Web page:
“In the early years, for NatureWorks, using these crops was a big question and a big concern,” said Ford. “However, work published by EuBP and the Institute for Bioplastics and Biocomposites has demonstrated that currently, some 96 percent of the global agricultural area is used to grow food and feed or used as pastures. The area needed to grow biomass for material use accounts for approximately 2 percent. Within this share, bioplastics account for just 0.03 percent – a mere sliver.”

Moreover, she pointed to the fact that in the US, most of the corn that is grown is not used for food. It is industrial corn of which the proteins go to livestock feed, the oil is used as corn oil for a variety of food ingredients and the starches for everything from making paper adhesives, batteries to high fructose corn syrup to PLA.  “Every acre is highly productive for downstream markets. It is one of the main benefits to corn,” she emphasised.

Moreover, she said, the report goes on to state that ‘context-specific LCAs are required to determine PLA’s impact relative to fossil-based plastics’ – without mentioning that this data is already available. Both NatureWorks and TotalEnergies Corbion, another PLA manufacturer, have compiled extensive eco-profiles that, said Ford, ‘are some of the most specific ones that exist’. There are no specific LCAs or eco profiles like that for other plastics, Ford pointed out.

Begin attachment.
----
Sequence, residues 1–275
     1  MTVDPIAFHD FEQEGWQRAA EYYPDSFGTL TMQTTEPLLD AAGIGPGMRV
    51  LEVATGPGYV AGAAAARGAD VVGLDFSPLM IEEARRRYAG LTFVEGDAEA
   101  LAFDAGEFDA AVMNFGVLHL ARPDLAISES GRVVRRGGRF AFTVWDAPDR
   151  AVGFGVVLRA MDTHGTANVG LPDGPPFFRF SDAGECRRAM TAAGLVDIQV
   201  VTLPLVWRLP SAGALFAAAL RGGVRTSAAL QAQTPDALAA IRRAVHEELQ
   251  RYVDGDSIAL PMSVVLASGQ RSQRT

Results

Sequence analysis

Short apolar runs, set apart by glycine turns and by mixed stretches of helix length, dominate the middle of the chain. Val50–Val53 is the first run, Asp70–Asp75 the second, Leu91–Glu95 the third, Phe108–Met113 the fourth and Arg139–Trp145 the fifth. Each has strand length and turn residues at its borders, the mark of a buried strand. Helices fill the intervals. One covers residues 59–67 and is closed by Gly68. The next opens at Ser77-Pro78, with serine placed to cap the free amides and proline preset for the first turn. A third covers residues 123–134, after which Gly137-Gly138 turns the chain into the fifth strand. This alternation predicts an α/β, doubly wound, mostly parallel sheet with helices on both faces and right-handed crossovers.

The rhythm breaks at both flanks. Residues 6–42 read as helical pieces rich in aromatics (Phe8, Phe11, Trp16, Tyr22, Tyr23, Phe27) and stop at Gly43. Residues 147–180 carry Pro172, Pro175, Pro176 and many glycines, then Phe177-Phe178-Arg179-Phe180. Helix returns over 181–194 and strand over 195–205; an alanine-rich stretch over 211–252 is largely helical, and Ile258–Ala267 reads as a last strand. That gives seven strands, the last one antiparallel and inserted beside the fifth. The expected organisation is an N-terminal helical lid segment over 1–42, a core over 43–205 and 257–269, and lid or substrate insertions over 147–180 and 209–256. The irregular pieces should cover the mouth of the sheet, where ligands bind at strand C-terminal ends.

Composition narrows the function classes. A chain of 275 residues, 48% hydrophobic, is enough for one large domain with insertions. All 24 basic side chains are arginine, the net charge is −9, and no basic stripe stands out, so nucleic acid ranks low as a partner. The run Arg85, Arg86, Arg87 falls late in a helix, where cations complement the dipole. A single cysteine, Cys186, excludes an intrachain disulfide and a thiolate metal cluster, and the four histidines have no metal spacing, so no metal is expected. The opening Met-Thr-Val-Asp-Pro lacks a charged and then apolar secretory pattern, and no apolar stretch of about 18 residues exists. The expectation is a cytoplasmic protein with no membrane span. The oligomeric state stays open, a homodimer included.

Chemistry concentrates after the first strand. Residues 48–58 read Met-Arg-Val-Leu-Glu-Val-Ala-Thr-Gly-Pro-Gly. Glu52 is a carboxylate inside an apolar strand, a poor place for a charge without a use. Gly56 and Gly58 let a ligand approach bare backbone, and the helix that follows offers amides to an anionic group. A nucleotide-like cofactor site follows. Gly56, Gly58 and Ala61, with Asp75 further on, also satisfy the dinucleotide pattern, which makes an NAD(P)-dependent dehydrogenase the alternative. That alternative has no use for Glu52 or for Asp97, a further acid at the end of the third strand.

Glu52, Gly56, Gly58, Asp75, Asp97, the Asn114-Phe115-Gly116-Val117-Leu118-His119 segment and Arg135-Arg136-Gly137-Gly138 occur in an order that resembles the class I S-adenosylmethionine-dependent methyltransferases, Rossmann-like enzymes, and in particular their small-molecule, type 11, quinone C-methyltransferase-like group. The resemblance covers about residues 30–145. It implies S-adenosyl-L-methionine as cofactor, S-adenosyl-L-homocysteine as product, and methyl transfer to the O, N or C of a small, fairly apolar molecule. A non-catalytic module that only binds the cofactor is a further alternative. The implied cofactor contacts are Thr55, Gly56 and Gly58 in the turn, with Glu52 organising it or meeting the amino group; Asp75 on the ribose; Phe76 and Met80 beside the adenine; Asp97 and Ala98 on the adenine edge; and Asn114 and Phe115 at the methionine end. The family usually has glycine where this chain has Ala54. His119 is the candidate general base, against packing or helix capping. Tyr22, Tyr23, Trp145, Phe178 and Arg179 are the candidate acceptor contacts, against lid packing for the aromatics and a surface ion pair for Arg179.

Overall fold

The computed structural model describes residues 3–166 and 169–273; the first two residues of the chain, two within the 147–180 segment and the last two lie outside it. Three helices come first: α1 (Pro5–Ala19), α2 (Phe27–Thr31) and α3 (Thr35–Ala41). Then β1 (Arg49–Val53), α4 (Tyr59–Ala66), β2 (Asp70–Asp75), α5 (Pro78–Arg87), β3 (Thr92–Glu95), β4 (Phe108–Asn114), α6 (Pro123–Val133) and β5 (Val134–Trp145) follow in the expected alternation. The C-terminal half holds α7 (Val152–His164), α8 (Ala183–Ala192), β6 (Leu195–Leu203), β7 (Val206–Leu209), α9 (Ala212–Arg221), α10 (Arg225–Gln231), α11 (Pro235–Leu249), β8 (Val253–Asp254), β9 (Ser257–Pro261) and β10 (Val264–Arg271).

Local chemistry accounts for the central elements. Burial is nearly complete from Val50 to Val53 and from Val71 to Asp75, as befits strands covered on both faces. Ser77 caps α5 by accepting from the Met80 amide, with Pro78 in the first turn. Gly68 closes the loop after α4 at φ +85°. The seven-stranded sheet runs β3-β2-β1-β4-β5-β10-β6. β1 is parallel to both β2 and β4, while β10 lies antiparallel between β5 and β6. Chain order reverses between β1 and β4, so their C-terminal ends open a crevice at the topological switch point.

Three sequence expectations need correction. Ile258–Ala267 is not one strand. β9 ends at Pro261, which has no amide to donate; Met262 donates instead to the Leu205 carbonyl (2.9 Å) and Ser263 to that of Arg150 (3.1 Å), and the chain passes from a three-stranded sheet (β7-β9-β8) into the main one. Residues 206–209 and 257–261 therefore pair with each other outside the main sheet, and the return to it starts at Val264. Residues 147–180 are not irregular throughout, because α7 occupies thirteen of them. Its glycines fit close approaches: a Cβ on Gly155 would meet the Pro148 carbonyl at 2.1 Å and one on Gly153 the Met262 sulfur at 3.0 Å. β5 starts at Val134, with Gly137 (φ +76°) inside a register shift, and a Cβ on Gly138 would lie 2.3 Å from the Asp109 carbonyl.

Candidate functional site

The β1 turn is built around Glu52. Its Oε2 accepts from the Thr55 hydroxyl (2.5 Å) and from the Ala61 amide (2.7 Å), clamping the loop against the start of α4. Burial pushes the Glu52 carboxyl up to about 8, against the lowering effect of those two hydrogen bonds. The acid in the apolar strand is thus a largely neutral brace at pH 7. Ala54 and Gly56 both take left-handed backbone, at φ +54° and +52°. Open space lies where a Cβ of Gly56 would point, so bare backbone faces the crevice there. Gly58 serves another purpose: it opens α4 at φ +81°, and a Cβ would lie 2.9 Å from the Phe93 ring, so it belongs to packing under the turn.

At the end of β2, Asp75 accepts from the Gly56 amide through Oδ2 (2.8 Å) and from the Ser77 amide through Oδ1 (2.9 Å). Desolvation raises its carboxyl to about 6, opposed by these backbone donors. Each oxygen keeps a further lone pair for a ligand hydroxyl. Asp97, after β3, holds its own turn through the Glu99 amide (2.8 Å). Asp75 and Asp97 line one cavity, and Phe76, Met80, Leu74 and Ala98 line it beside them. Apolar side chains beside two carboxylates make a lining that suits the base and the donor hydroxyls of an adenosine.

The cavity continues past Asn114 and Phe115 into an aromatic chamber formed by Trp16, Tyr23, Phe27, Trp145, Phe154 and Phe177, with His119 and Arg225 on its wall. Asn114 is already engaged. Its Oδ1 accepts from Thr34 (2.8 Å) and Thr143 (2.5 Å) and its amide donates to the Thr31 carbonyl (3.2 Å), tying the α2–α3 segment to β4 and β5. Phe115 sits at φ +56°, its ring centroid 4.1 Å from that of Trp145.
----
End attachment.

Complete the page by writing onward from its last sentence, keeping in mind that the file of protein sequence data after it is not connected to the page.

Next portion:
“And both come out with similar carbon footprints, which is really interesting. Given that they’re very different feedstocks in very different countries, we still came to roughly the same carbon footprint.”

The Eunomia report goes on to claim that ‘PLA cannot be easily recycled along with conventional plastics, which can lead to contamination given PLA can be confused with conventional plastics by consumers when sorting their recycling’. What it fails to mention is that PLA is readily sortable using industrial standard near infrared sorting technologies. Purities of 97% have been obtained – a percentage higher than most traditional plastics. Furthermore, studies have shown that PLA does not contaminate the traditional plastic recycle stream any more than other traditional plastics; in fact, adding 10% PLA into polyolefin recycling streams has the same impact on the material properties as adding 10% PET or PS to these streams. ‘PLA bioplastics can be mechanically and chemically recycled and there are no technical barriers to doing so’  states a whitepaper compiled by TotalEnergies Corbion.